“We kind of modeled the company after a band,” says Julia Miller, one of five founding artistic directors of Chicago’s cinematic shadow puppetry collective Manual Cinema, “where we would try to come up with a thing and then perform it. The structure of the company was about us creating work together.” Composer and co-founder Ben Kauffman thinks Manual Cinema’s creative process is more akin to film and television production. “There’s music and sound, puppetry, film teams, all with the same goal,” he says. “A lot of the shows have something of a writers’ room like you might see in TV [production]. Part of our growth as a company is finding different ways of working, which can be a reason in and of itself to start something. A new process can be as exciting as a new story idea.”
Whatever you liken the Manual Cinema creative process to—which is always going to be a tough analogy as the company is, safe to say, making a kind of theater that has never been done before—their virtuous cycle of form and function yields dazzling, imaginative results. Puppeteers working on a quartet of mid-twentieth-century overhead projectors create multilayered scenes with cut paper and live actors in silhouette, while musicians and Foley artists provide original score and soundscape. And despite all company members and their activities being visible to the audience (pre-virus, of course), the big-screen projection above unfolds as part silent movie, part magic show. One can scrutinize the artists busy at work, deftly manipulating hundreds of cutouts with surgical precision and orchestral coordination, but figuring out how they create complex scenes and depth of field on such crude technology is like trying to figure out how the lady levitates: it’s pretty much impossible and totally beside the point.
Most Manual Cinema films contain no spoken text, with storytelling accomplished through image and music, the universal themes requiring no translation. After the company received an invitation in 2014 to perform at the Tehran International Puppet Theatre Festival, they toured internationally. Kauffman said the absence of spoken language is one of his favorite aspects of the medium, not only because it can be understood by any viewer, but because of the space it allows for music to tell a story. “Most anything you see on TV or in a movie theater is driven by words, and with Manual Cinema, it allows a beautiful balance between visuals and music,” he says. “As a composer, I feel I have a lot of freedom and space to do as much storytelling with the music as I possibly can. It’s not as dense of information being parsed out.”
Miller noted how the visual spaciousness of shadow puppetry allows audiences to see themselves in the story. “The level of engagement you can have with a puppet just blows my mind,” she says. “With shadow puppetry. there’s something about how we’re working in motif and metaphor and the imagery combined with the music. When there isn’t text, there’s the capacity for you as an audience member to put your own experience in the story because it doesn’t have the same detail of seeing an actor’s face in front of the camera or hearing dialogue that’s very specific. We work in larger strokes that invite the audience in a little more.”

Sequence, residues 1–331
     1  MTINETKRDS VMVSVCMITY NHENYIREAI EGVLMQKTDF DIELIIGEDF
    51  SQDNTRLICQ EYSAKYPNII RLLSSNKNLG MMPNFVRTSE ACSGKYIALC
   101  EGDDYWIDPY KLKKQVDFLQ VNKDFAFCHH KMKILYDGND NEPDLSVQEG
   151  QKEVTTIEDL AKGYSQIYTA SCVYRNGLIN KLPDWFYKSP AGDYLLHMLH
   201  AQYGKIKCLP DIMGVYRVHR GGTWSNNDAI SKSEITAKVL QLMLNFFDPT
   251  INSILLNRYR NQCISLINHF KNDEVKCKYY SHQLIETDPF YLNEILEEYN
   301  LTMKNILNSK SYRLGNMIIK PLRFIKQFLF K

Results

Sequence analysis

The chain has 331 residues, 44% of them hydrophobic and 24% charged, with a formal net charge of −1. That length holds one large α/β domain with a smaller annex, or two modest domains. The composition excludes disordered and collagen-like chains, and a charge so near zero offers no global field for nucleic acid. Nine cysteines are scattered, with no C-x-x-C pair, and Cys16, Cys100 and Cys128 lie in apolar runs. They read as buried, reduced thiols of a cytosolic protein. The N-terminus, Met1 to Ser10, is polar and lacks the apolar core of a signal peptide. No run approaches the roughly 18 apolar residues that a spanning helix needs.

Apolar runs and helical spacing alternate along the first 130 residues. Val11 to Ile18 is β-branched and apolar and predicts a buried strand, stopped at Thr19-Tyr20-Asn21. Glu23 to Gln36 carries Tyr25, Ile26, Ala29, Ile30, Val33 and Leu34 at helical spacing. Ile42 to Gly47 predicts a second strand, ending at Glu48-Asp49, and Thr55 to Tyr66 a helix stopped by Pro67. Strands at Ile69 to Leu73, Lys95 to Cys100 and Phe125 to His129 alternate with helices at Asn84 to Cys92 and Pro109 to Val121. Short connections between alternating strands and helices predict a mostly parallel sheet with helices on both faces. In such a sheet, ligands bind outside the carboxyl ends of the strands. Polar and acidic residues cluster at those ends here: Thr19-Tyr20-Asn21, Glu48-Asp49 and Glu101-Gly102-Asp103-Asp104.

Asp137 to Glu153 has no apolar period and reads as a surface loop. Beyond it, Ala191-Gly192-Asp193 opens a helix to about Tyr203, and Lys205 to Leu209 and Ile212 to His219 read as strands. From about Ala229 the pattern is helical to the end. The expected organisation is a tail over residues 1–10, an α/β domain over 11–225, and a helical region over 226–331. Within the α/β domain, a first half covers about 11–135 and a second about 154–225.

The cinematic aspect of Manual Cinema’s performances led the company to delve into video and film scoring, atop performing and touring live shows, and their versatility and imaginative approach led to high-profile video and film collaborations. A documentary short produced with the New York Times about Adolfo Kaminsky, a forger who helped thousands of Jews escape to safety in World War II, won an Emmy and was nominated for a Peabody. And Manual Cinema animations are featured in Nia DaCosta’s 2021 “Candyman” (produced by Jordan Peele), a sequel to the 1992 horror film set in the area around the Cabrini-Green Homes.
Manual Cinema’s video production arm positioned the company to continue making work through the pandemic—not that writing and producing a feature-length show in 2020 was without challenges. Miller says safety protocols set up another set of formidable limitations, but the company created a new, live shadow-puppet cinema work in time for a physically distanced holiday season: an adaptation of Dickens’ December staple “A Christmas Carol.”
“We’d always wanted to do ‘A Christmas Carol,’ with people growing up watching ‘The Muppet Christmas Carol,’ and we also wanted to make it of the time,” Miller explains. “The premise is that Aunt Trudy is on a family Zoom call because they have to be apart because of the pandemic. She recently lost her partner Uncle Joe, and he was the one to get out the puppets and recite the story of ‘A Christmas Carol’ for the family. We delve into Trudy trying to make the story her own, and then we delve into a retelling of Dickens’ classic story, but also under the guise of Aunt Trudy trying to fill this hole in the family and also deal with her grief.”
“Trudy is a stand-in for Manual Cinema,” Kauffman says. “We want to tell this story that everyone knows really well, but also contextualize it in the current moment and do something new with it.”
Each performance will be livestreamed, with puppeteers and musicians creating the sound and images in real time. And while we won’t see the hands of the artists on their instruments, the show promises to add a touch of much-needed magic to the end of a difficult year.
“Manual Cinema’s Christmas Carol” livestreams December 3–31 at marquee.tv. Tickets at manualcinema.com. $15.